By Mark Watson, founder, Aquila Capital Partners
SPACs, or Special Purpose Acquisition Companies, are an important factor to consider when taking a company public. Any business leader should be attuned to this method, which has seen an increase in popularity in recent years, as it gives your organization another avenue to raise more capital. But with the pros come the cons and that’s why it is critical to understand what SPACs are and how to understand their value in the marketplace.
Many people are evaluating the SPAC market and having second thoughts about whether or not their company is ready to go public. This is completely understandable. The market has grown and changed exponentially in the past year. So many launched at the end of 2020, in the midst of uncertain economic times, but the momentum eventually leveled out in the spring of this year. But this doesn’t mean SPACs are going anywhere. They are still a perfectly viable option to take your company public—as long as leaders correctly assess the health of their company and if they are ready to take this next step.
There are many benefits to your company going public. It helps you raise funds with a lower cost of capital, gives you currency as a company, more opportunities for mergers and acquisitions, and the prestige you need to attract top talent. There’s a lot of appeal in SPACs, but equally as much to consider when deciding on this route.
The Pros and Cons of SPACs
SPACs once existed in relative obscurity. In 2019, there were fewer than 60 SPACs. Now, we are in a SPAC-saturated field. There are 400+ SPACs currently looking for targets, with about 200 more in the pipeline. Where and when those targets will emerge is the more pressing question.
Hundreds of SPACs are chasing private companies that may or may not be going public. So it’s a seller’s market, meaning that if you have a company that you’ve been thinking about taking public, but you haven’t wanted to go through the headache of an IPO, this might be a path for you.
Many companies chose to go public via SPAC in lieu of late-stage fundraising. For some people, this has its advantages over a regular underwritten IPO. SPACs have a much faster execution, with SPACs merging into their target companies in 3-6 months on average, versus IPOs, which traditionally take 12-18 months. IPOs require exhaustive regulatory filings, are underwritten by investment banks, and companies have to go find a group of public equity investors to take interest in their company.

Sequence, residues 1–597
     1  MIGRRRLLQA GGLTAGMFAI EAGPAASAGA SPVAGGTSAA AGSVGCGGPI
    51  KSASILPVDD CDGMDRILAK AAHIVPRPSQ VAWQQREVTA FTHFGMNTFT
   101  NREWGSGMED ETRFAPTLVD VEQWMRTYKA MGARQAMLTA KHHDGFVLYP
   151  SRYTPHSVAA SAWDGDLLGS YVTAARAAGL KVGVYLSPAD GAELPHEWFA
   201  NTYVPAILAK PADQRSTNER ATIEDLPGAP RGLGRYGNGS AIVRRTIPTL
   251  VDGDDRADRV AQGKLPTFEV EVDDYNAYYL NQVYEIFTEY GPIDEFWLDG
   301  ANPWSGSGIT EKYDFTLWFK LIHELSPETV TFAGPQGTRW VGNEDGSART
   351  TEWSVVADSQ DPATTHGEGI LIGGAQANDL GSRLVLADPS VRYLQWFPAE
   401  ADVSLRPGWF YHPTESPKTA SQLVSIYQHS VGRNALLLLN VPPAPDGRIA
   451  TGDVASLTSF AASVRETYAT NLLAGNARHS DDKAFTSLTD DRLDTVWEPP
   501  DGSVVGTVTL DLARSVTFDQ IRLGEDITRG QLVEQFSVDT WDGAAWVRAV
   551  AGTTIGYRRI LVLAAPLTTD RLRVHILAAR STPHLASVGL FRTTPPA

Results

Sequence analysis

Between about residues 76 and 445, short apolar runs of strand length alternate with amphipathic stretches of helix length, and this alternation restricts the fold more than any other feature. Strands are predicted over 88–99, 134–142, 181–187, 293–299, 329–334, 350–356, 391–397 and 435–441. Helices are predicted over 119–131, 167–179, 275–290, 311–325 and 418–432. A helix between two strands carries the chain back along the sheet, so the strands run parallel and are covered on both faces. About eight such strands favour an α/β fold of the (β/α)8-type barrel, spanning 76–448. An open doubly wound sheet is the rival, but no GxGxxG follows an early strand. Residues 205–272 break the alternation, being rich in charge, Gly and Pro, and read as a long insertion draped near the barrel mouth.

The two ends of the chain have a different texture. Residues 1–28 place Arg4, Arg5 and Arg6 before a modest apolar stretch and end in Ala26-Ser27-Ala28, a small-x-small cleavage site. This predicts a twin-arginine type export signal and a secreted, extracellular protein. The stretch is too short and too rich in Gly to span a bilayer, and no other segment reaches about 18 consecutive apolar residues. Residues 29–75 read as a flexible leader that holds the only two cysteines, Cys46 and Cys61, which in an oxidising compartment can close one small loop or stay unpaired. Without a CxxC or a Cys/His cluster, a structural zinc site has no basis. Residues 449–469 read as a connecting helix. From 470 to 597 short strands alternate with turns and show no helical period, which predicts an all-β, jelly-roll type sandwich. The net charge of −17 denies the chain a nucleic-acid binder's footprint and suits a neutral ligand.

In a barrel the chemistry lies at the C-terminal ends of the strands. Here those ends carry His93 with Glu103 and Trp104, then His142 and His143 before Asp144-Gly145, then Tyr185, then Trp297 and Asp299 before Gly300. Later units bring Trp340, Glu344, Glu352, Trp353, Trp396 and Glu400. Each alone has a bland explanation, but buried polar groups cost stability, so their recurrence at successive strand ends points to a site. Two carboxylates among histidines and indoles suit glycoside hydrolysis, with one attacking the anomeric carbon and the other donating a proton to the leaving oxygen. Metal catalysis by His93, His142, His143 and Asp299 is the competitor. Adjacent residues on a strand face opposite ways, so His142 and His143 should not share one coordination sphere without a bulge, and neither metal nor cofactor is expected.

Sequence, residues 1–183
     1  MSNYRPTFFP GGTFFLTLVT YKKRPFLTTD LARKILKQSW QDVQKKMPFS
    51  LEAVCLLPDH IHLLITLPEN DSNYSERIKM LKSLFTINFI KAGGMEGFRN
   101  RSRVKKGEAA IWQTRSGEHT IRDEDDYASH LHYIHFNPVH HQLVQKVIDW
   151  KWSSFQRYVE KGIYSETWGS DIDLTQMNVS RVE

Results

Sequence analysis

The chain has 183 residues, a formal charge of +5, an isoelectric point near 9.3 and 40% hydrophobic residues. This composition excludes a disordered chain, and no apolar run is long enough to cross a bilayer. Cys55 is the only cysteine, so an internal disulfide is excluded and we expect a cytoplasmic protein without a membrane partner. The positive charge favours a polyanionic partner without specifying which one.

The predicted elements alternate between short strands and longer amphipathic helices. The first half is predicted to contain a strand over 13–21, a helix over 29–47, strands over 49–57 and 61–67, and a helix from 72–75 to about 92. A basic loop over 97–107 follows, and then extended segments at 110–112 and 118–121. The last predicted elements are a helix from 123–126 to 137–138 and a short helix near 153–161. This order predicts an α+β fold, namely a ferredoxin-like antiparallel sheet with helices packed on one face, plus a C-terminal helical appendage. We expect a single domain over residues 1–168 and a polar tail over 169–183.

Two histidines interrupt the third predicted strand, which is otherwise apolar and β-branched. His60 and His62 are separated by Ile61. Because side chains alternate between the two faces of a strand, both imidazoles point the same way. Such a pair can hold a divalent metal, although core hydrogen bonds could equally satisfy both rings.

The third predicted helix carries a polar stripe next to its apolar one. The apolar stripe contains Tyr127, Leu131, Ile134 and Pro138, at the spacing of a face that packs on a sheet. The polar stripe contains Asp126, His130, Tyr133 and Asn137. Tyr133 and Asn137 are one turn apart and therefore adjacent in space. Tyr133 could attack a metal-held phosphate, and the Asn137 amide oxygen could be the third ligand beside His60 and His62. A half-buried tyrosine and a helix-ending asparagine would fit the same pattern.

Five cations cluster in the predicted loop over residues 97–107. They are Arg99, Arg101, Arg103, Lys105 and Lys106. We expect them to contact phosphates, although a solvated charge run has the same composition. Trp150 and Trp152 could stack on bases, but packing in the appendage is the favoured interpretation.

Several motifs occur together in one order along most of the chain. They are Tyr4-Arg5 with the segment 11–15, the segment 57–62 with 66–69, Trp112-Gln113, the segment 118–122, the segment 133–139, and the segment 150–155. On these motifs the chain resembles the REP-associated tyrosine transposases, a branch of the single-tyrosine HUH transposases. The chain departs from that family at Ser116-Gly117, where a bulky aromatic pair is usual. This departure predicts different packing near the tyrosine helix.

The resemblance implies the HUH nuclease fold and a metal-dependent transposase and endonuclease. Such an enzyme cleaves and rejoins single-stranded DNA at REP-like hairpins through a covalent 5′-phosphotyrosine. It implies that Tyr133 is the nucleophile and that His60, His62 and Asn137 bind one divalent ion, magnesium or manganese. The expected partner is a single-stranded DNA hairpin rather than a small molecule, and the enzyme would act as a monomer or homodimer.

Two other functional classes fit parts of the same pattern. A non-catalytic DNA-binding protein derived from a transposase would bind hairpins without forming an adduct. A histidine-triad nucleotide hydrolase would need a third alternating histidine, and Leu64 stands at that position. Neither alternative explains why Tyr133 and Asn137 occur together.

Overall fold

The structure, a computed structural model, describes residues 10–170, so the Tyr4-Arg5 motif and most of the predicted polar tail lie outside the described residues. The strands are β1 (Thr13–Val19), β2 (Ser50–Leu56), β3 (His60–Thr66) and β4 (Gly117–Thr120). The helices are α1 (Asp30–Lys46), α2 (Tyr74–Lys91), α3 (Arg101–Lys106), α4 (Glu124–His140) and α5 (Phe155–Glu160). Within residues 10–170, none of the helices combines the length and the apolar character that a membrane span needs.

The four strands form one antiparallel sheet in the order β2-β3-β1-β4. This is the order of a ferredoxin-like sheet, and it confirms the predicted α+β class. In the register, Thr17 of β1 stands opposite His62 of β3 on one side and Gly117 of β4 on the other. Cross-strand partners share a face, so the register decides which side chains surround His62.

This process is considerably time-consuming. This is one of the many reasons SPACs became so appealing—less time spent means fewer fees. In the first quarter of 2021, they made up roughly 28% of US deals. Just because the pace slowed this spring doesn’t mean they are disappearing. They just need to be appropriately utilized.
While saving money is certainly important, the real advantage of SPACs is that they provide more certainty. The reason why one chooses an IPO via SPAC isn’t so much about saving money, but about getting the deal done. Another big advantage of SPACs is that they are not dependent on or sensitive to the market conditions like IPOs, and give some space to negotiate. SPAC mergers also don’t need to generate the same level of interest or fanfare for investors. Right now, there is a fair amount of investor appetite for IPOs as long as they are seasoned companies as opposed to start-ups with a pitch budget.
Like any good thing that everyone jumps into quickly (meaning too much of a good thing is too much of a good thing) many SPACs won’t find deals because there aren’t that many companies that are seasoned and capable of operating as public companies. Compounding this challenge, it’s very difficult for institutional investors, of any size, to invest in companies with a market cap of less than $2 billion, and for sure companies with a market cap of less than $1 billion.